Now if I were cooking in a professional kitchen then maybe those extra 52 seconds that I saved might be worth something, but in my home kitchen the safest way is the way I will choose.
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Old 10-07-2007, 10:28 PM   #26
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Quote:
Originally Posted by GB View Post
WHY??? Pouring a large pot into another pot is not an essential kitchen skill. It is not the only way to get the contents of a pot into another vessel. It is not the safest way either. I would rather take a minute and take my time then take 8 seconds and potentially spill boiling hot liquid all over the place and myself or others.

Now if I were cooking in a professional kitchen then maybe those extra 52 seconds that I saved might be worth something, but in my home kitchen the safest way is the way I will choose.
If you ladle the sauce out of the pan to another vessel, can you get it all?

Or, do you eventually need to pour it?

Or throw it away?
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Old 10-07-2007, 10:30 PM   #27
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And without a doubt good pouring techniques for a small batch as described is THE best way to go.
I completely disagree.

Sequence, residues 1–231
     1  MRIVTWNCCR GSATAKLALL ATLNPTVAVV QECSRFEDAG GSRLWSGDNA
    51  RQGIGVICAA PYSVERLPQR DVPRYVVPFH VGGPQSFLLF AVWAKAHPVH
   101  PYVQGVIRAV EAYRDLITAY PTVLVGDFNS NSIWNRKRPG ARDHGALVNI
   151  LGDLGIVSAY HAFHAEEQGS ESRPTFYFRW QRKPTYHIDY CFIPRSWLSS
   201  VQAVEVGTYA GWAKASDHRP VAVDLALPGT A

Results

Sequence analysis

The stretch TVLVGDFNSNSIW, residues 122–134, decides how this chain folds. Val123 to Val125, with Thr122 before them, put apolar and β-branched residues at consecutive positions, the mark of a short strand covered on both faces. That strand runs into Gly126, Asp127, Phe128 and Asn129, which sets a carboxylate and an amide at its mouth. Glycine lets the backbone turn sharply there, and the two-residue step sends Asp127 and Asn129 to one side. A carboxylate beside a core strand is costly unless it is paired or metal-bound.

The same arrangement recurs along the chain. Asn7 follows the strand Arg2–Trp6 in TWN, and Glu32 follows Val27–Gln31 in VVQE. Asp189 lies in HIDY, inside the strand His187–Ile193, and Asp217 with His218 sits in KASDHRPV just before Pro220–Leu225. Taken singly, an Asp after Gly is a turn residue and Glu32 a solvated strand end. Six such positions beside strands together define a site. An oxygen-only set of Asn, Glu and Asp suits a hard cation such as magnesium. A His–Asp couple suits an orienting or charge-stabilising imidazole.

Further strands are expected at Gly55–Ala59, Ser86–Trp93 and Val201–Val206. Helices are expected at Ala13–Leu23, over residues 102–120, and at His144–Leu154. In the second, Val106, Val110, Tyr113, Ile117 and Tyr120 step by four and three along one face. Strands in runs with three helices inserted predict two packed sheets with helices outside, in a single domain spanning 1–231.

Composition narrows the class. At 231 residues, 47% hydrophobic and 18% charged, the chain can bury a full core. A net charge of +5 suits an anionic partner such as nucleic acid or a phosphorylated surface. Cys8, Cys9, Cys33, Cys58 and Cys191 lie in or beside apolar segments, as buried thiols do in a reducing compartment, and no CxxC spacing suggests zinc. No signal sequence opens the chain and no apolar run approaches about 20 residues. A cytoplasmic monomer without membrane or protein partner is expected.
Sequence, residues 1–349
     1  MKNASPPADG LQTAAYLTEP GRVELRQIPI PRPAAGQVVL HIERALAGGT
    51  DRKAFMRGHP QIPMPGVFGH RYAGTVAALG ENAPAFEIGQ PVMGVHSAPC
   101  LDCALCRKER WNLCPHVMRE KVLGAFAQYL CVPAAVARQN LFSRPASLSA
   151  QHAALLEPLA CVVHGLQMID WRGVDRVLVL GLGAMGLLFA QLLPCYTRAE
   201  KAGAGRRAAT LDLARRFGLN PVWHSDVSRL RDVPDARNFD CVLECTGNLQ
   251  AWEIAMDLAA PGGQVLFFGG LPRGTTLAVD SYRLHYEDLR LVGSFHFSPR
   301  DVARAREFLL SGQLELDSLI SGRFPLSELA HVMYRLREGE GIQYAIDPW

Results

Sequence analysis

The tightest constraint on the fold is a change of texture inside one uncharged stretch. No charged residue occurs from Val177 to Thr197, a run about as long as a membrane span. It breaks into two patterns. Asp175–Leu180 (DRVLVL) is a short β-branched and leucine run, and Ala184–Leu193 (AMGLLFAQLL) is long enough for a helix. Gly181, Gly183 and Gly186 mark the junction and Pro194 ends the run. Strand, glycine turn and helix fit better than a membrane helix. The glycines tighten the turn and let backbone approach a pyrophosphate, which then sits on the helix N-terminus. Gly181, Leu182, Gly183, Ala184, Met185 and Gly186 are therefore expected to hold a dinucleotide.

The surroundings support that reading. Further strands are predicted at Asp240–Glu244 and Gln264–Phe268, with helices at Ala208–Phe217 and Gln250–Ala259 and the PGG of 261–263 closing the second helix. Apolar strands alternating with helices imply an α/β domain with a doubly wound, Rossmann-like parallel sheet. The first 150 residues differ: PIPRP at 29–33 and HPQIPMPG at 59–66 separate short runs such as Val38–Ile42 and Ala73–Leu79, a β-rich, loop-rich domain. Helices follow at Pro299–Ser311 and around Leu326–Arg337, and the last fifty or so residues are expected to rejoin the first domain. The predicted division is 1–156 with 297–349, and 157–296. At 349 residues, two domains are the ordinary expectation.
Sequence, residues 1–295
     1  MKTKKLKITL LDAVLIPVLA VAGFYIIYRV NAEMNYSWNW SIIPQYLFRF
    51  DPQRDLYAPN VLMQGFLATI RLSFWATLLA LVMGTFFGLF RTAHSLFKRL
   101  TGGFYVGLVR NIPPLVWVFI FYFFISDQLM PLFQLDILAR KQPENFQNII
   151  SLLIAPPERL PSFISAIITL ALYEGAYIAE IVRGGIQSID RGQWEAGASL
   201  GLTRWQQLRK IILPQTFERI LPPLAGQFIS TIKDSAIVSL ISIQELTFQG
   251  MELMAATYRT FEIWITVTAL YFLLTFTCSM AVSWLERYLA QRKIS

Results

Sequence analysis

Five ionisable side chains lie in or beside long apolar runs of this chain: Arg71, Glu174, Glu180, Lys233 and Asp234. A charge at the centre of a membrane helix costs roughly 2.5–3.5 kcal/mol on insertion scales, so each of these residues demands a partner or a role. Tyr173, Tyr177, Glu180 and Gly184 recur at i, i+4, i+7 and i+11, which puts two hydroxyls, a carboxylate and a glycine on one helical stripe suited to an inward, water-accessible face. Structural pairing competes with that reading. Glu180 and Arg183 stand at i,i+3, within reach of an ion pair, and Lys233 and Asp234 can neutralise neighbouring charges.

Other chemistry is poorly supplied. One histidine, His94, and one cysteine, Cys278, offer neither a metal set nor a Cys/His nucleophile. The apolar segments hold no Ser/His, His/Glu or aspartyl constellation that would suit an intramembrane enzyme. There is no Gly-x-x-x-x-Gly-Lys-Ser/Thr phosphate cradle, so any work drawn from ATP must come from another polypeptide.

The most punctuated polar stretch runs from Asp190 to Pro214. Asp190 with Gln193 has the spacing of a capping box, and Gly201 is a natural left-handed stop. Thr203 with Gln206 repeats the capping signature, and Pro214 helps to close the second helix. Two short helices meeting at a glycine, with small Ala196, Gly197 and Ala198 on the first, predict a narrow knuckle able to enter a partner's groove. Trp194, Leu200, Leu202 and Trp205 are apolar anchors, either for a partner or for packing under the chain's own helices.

Quote:
Originally Posted by keltin View Post
A ladle will take twice as long and will end up with you having to pour anyway. So why not learn to pour up front?
If you have good ladle skills then you will not need to pour anything. Sure there might be a little dribble left over, but we are taking a tablespoon or so. Is that really worth possibly spilling hot liquid all over the place? For me the answer is a resounding NO.
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Old 10-07-2007, 10:31 PM   #28
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And seriously, you guys are acting like this is a hard skill to learn. What gives. I thought everyone knew how to do this????
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Old 10-07-2007, 10:33 PM   #29
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If its a small container use a ladle if its a large container it might help if someone could tilt it a bit and pour it down the side.If no help just use a small or medium sauce pan rather then a ladle and pour as close to the bottom of container as possible slowly.I dont know what the big deal is, just get it done.
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Old 10-07-2007, 10:34 PM   #30
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And seriously, you guys are acting like this is a hard skill to learn. What gives. I thought everyone knew how to do this????
No one said it is a hard skill to learn. We simply said it is not the best option. Why do you need to be so fast in your kitchen? There are two options on the table. One is a little slower (we are taking seconds here, not hours) and much safer. The other is quicker, with the potential for serious injury if you slip or your dog dog runs into you or the container you are pouring into knocks over or any number of other things happen.